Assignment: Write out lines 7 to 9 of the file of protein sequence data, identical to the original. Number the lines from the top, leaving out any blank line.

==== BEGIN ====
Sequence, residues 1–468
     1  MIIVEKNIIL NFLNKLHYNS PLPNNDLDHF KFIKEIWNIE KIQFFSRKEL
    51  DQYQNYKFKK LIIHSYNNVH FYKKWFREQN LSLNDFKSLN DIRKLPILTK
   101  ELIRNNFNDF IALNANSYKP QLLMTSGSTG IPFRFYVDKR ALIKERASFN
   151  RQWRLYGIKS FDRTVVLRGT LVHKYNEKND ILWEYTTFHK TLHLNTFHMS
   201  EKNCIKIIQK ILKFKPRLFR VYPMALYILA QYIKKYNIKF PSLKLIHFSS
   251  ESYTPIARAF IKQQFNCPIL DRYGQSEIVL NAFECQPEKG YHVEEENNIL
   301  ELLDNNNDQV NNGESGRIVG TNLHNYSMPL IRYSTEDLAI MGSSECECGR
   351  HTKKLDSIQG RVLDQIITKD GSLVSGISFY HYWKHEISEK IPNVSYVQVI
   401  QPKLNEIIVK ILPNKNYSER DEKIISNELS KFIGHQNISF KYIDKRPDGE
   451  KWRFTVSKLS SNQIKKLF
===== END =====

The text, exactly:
   251  ESYTPIARAF IKQQFNCPIL DRYGQSEIVL NAFECQPEKG YHVEEENNIL
   301  ELLDNNNDQV NNGESGRIVG TNLHNYSMPL IRYSTEDLAI MGSSECECGR
   351  HTKKLDSIQG RVLDQIITKD GSLVSGISFY HYWKHEISEK IPNVSYVQVI